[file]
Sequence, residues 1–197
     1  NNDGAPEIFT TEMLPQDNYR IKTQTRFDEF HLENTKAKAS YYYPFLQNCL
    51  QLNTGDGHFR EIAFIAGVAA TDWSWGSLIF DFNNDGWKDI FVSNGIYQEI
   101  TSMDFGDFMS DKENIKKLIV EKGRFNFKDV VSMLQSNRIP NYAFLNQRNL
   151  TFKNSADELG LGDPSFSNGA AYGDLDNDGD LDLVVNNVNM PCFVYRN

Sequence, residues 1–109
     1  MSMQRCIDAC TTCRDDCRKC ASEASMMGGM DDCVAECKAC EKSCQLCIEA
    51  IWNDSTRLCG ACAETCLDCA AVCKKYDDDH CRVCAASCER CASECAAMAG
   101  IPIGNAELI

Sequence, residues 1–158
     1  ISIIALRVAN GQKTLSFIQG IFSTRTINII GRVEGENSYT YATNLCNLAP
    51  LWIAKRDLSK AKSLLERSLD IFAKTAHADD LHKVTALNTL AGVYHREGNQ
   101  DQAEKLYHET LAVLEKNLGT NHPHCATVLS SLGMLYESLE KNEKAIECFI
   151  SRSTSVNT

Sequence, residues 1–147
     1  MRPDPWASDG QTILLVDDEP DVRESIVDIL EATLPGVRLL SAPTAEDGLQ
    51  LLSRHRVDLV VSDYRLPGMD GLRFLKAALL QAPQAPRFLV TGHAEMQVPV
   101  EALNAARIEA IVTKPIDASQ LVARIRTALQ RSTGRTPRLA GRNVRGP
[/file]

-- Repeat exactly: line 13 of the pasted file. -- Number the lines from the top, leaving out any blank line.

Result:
   101  DQAEKLYHET LAVLEKNLGT NHPHCATVLS SLGMLYESLE KNEKAIECFI